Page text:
The NBA should write B.B. King a nice royalty check, because one of his hits is the theme song for this season. The Thrill Is Gone, baby, and it's been gone for quite a while, probably since Michael Jordan laced 'em up in training camp. Seven weeks remain in the regular season, but is there any reason the engravers should not get started on the championship trophy right now? Does anyone envision a scenario (other than an injury to Jordan) in which the Chicago Bulls—50-7 at week's end, seven games better than their nearest competitors, the Detroit Pistons—do not breeze to their second straight title and their fifth of this decade? "When the Bulls are ready to hang it up," Detroit coach Doug Collins said a few weeks ago, "we just want to be ready to take over for them." There's a pep talk right out of Rockne, huh?
But Collins is only giving voice to what logical minds concluded some time ago. This NBA season has been tailor-made for narcoleptics: Fall asleep, and you won't miss a thing. In a way, the Bulls' cold blooded efficiency has worked against them. While their effort to break the record for regular-season wins was big news last year—they succeeded with a 72-10 mark—the fact that it took them only one more game this season to reach 50 wins has largely been overlooked. There was more excitement, more juice, connected to the Chicago crusade of 1995-96. It was Jordan's first complete season after almost two years away, and fans were eager to see if he was still the game's best player. (He was.) It was Dennis Rodman's first season with the Bulls, and fans were curious to see if he would be a cross-dressing virus that would kill the team. (He wasn't.) And there was belief in some quarters that the NBA's young up-and-comers, the Orlando Magic in the East and the Seattle SuperSonics in the West, had the guns to stop Chicago in the playoffs. (They didn't.)
There is none of that now, and the lack of a team strong enough to challenge the Bulls is particularly disheartening for the league. Even when the Boston Celtics were stringing together 11 championships in 13 seasons between 1957 and '69, there was always a threat in the shadows—Bob Pettit's St. Louis Hawks or Wilt Chamberlain's Philadelphia Warriors and 76ers. No one's lurking this year. Chicago isn't significantly better than it was last season, yet the gap between the Bulls and everyone else seems wider. Seattle is running in place. Shaquille O'Neal's move to the Los Angeles Lakers broke up the Magic. All that seems to stand between the Houston Rockets and mediocrity is one more injury to Charles Barkley. The New York Knicks have several new faces but are still the good-but-not-good-enough Knicks of past seasons. Perhaps the Lakers or the Miami Heat would look more dangerous if not for injuries to their respective mainstays, O'Neal and Alonzo Mourning.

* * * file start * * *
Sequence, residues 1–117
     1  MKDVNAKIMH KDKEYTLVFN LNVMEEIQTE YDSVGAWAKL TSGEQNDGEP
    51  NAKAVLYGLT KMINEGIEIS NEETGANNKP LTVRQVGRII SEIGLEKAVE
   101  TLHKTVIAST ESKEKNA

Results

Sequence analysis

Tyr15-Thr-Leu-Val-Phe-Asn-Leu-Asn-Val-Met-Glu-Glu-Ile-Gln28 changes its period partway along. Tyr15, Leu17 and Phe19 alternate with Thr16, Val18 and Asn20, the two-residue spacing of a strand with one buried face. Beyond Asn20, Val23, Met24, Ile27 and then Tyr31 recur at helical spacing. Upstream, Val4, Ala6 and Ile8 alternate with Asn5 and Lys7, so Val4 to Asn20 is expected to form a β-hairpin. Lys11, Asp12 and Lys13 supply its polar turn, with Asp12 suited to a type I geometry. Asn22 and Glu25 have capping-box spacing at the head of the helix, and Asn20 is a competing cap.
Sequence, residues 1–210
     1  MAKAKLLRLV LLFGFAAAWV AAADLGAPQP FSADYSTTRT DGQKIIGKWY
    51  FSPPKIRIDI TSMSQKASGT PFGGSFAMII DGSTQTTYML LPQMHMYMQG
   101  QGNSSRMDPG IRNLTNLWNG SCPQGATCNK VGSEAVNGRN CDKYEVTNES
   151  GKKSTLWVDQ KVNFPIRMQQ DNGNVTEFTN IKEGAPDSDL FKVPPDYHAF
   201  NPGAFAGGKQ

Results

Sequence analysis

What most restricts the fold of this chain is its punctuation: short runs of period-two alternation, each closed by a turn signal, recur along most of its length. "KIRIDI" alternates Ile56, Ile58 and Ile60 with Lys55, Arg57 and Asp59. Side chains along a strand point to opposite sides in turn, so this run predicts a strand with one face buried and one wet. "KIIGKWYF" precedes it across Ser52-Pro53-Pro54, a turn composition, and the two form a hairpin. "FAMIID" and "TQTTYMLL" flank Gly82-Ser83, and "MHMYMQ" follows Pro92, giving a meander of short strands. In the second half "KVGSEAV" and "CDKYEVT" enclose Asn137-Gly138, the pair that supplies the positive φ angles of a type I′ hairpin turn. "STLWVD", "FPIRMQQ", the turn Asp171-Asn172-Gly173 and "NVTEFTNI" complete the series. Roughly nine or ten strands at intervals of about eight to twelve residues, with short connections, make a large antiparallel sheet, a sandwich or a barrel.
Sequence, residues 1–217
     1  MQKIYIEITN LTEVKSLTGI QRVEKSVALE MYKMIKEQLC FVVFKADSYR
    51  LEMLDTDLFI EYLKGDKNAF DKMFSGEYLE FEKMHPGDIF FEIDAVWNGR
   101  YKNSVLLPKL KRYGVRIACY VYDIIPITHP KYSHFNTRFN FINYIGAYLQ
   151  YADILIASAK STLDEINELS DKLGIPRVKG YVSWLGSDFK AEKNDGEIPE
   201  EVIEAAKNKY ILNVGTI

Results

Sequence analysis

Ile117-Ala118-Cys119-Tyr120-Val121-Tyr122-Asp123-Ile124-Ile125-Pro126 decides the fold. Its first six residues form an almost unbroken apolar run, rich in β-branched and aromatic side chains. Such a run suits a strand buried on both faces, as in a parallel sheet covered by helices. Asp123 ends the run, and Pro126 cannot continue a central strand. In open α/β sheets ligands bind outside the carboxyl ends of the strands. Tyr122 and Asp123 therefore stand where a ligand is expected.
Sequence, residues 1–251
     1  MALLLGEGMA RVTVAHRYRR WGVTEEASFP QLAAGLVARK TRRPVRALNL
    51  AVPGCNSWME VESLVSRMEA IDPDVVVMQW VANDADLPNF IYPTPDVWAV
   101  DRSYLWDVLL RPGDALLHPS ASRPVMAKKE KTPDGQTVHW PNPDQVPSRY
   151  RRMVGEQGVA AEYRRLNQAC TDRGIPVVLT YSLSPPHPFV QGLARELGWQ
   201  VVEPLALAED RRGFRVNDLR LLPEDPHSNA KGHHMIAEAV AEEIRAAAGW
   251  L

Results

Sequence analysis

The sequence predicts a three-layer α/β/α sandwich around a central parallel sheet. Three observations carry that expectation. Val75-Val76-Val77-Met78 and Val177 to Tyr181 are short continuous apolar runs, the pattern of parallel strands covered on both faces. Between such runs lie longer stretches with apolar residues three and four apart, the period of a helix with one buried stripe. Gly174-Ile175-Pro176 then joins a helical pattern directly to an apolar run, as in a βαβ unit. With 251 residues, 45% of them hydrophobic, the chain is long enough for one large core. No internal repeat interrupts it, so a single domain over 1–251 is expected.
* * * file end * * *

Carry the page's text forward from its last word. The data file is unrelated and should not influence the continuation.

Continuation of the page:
At this checkpoint, then, the most intriguing question seems to be, Is Chicago's supremacy good or bad for the NBA?
Beyond that, one wonders what will happen when the Bulls are dominant no more, when Jordan takes to the links permanently and coach Phil Jackson goes off to compose haiku on a mountain in Montana. Jordan, 34, and Jackson have committed to at least one more season, and Scottie Pippen, 31, is in the next-to-last year of his contract. Barring an unforeseen turn of events, they will all be back next year, and Rodman says he wants to stay in the cast of Chicago too. But after that? Can anybody really imagine the league without its red-and-black showpiece?
Anyone who doesn't think today's NBA is primarily a Bulls market probably thinks Jordan is still playing outfield for the Birmingham Barons. "People look at the Bulls like they look at a historical landmark," says that noted historian Rodman. Don't laugh. So utterly has Chicago bulldozed opponents that it's like the Statue of Liberty: No one can muster antipathy toward it.
"They're a class act," Phoenix Suns forward Mark Bryant says of the Bulls. "People love the way these guys handle themselves." Never in NBA history—perhaps never in sports history—have popularity and dominance so spectacularly coalesced.
"People certainly didn't have the love fest with us that they have with Jordan and Chicago," says K.C. Jones, a member of the Celtics dynasty of the '60s. In the '80s Boston and L.A. were both popular and successful, but they had to share the affection. As for the lead-dog franchise that followed them...well, as erstwhile Detroit Bad Boy Rodman says, "When I was with the Pistons, we were hated everywhere we went. I don't think the Bulls are disliked anywhere in the world."
Not even in Cleveland, where anti-Bulls vitriol, directed primarily at longtime Cavaliers tormentor Jordan, used to run deep. Cleveland fan Joe Morford, a lawyer from suburban Shaker Heights, took in the introductions before the Bulls-Cavs game on Feb. 27 at Gund Arena and shook his head. "Jordan got a bigger hand than any of the Cleveland starters, even [All-Star guard Terrell] Brandon," said Morford.
After the Cavs pulled off a 73-70 upset, Brandon was philosophical about Bull-mania. "It's a problem when the home fans cheer for the opposing team," he said. "But there are a lot of part-time fans who just want to see the Bulls."